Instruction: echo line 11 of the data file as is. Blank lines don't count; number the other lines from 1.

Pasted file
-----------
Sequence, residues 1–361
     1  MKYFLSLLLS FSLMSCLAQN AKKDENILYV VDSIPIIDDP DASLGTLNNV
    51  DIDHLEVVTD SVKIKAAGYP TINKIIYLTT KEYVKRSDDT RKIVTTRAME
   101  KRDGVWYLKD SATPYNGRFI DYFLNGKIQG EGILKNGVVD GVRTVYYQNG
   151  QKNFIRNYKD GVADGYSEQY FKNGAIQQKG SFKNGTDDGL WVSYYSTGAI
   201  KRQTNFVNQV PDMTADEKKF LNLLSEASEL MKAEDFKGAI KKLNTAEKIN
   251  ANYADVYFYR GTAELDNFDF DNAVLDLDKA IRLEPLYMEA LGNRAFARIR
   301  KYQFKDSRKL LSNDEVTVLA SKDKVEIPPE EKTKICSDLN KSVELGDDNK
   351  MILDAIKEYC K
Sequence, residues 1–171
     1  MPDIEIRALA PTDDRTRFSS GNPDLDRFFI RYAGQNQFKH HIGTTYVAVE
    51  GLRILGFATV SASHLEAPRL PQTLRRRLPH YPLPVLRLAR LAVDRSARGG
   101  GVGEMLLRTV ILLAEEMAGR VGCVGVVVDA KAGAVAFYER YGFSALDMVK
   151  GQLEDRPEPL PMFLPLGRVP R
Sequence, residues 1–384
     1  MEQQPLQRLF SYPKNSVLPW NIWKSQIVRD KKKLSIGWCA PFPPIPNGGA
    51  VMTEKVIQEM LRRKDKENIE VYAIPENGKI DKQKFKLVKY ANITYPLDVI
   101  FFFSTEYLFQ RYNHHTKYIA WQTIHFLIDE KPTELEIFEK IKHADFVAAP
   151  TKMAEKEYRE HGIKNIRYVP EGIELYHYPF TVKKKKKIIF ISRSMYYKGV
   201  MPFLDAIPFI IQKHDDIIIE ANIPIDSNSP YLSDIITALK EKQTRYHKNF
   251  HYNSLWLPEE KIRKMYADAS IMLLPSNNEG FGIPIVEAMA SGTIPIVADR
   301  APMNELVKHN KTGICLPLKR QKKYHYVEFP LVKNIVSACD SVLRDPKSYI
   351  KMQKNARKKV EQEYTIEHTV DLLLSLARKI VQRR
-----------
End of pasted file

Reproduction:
     1  MPDIEIRALA PTDDRTRFSS GNPDLDRFFI RYAGQNQFKH HIGTTYVAVE